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Our Calling to Walk on Water

August 9, 2011

In Matthew 14:28, Peter says to Jesus, “‘Lord, if it is you, command me to come to you on the water.'” Jesus answers in verse 29, saying, “‘Come.’”

Note that Jesus never rebukes Peter for wanting to walk on the water, only for doubting. I think that here we see Peter expressing his desire to know God’s power in his life – to walk on water, like his Master. Also, note that Peter is walking TO JESUS. He is yearning to come to him unhindered, in freedom from all that would hold him back and hold him down.

And so, it says: “Peter got out of the boat, started walking on the water, and came towards Jesus.” Think of this! We tend to think of this episode as an example of Peter’s failure, but note that he did actually begin to walk on water himself! Can you name the disciples who in Jesus’ lifetime walked on water? The only one is Peter. All the others stayed in the boat, in what, I suppose, they considered greater safety. But I would like to suggest today that our heritage as Christians is not to do this.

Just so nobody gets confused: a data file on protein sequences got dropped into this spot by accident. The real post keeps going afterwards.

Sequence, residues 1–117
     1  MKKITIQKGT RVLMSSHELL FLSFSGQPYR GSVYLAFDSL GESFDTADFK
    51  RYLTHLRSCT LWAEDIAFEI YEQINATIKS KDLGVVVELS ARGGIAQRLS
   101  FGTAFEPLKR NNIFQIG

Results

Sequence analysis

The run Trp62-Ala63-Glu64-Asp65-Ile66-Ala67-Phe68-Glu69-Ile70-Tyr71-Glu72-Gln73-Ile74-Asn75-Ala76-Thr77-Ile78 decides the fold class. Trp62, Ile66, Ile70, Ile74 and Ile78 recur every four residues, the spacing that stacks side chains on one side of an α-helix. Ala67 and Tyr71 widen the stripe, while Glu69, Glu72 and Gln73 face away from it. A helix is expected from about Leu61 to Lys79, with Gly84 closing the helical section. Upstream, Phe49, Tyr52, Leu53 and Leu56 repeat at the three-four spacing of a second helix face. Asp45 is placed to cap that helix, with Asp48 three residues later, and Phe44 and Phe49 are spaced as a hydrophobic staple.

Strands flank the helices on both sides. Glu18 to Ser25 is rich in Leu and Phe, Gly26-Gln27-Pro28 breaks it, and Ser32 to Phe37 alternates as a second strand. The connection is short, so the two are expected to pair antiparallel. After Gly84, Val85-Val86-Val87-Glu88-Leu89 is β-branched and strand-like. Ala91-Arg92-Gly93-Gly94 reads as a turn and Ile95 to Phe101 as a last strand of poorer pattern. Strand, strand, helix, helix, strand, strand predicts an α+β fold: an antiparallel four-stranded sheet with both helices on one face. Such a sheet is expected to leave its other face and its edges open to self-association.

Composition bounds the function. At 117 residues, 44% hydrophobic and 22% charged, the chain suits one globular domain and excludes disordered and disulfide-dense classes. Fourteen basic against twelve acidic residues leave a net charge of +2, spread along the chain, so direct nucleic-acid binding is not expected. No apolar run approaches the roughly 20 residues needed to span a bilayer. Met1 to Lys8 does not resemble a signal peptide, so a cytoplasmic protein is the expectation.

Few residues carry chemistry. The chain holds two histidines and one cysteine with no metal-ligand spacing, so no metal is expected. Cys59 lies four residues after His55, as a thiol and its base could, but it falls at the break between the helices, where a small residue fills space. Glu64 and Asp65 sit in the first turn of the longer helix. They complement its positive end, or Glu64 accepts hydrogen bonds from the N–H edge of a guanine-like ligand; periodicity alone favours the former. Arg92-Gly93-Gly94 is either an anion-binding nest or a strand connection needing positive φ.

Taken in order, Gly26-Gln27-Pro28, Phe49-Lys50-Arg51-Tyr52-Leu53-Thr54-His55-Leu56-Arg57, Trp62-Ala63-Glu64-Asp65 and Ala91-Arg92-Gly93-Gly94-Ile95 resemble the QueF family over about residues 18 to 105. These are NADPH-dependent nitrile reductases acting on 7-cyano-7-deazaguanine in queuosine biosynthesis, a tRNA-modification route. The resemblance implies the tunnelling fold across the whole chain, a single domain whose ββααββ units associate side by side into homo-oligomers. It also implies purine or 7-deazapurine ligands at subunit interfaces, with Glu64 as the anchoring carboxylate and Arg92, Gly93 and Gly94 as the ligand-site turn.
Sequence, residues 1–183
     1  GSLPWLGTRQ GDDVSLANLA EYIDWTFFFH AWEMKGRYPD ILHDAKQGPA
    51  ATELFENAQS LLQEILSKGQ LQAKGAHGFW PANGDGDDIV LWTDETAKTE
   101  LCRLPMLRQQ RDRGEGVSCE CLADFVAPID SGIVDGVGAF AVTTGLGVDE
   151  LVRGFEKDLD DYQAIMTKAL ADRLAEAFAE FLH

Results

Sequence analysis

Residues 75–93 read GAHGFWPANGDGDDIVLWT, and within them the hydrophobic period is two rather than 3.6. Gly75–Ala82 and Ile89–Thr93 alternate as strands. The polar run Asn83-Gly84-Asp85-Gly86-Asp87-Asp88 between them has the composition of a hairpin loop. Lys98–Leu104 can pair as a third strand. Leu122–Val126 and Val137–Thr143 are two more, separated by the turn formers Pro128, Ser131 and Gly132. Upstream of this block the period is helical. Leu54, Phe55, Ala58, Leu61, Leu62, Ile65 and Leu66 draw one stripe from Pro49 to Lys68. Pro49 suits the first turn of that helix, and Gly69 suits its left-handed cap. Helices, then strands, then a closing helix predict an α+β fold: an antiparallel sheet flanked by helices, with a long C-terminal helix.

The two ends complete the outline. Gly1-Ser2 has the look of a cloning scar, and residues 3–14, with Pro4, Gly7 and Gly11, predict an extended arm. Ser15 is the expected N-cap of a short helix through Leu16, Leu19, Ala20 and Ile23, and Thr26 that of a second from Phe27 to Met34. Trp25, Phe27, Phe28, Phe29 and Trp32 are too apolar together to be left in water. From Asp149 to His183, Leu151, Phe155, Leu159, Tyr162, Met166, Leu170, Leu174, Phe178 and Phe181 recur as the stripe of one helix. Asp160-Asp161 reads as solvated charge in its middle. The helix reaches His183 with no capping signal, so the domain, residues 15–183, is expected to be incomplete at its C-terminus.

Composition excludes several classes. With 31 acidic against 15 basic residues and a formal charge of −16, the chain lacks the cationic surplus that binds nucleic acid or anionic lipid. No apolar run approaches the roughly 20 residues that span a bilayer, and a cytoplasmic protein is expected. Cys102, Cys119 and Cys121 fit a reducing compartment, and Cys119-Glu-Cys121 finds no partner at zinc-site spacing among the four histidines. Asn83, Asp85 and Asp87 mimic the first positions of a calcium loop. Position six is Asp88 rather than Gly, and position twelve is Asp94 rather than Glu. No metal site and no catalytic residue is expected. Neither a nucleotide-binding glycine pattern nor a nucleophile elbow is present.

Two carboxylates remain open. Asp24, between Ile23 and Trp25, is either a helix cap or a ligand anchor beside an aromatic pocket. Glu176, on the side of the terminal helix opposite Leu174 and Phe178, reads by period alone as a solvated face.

For Peter did indeed begin to walk on water towards Jesus. It’s true that this didn’t happen for very long: Verse 30 says: ” But when he noticed the strong wind, he became frightened, and beginning to sink, he cried out, ‘Lord, save me!'” Peter took his eyes off Jesus, and became distracted and then frightened by the winds and the waves. But even then, he knew whom to call when he began to sink. And Jesus’ response was immediate, upholding him: “Jesus immediately reached out his hand and caught him, saying to him, ‘You of little faith, why did you doubt?'” Jesus here is like a parent teaching a child to ride a bike, who has almost mastered it, and just made a good start before losing confidence and not continuing. I can hear that parent saying: “You were so close! Why did you stop?”

I believe that our heritage as Christians is to walk on water, and to do this, we must get out of the boat. We must give up an approach to life that tries to stay “safe” by staying at home, building bigger and bigger walls to “protect” us from the outside world. Adventure beckons! And the greatest adventure of all – the greatest miracle of all – is to begin to love like Our Lord. “If you lose your life,” Jesus said, “you will find it.”

This lifelong process of learning involves getting out and failing, falling flat on our faces and being picked up by the Lord. As we’re in “over our heads,” we learn to trust and rely on him. We seek and yearn to experience Jesus’ life, and we receive that life within us, and so we become more and more like him. We grow as his love grows within us. Our heritage is to be those who dare to dream, like Joseph, in the face of the wind and the waves; to be those who dare to try and fail, knowing that, as Paul writes in Romans, “No one who puts their faith in the Lord is ever put to shame.”

(from August 7 Sermon)

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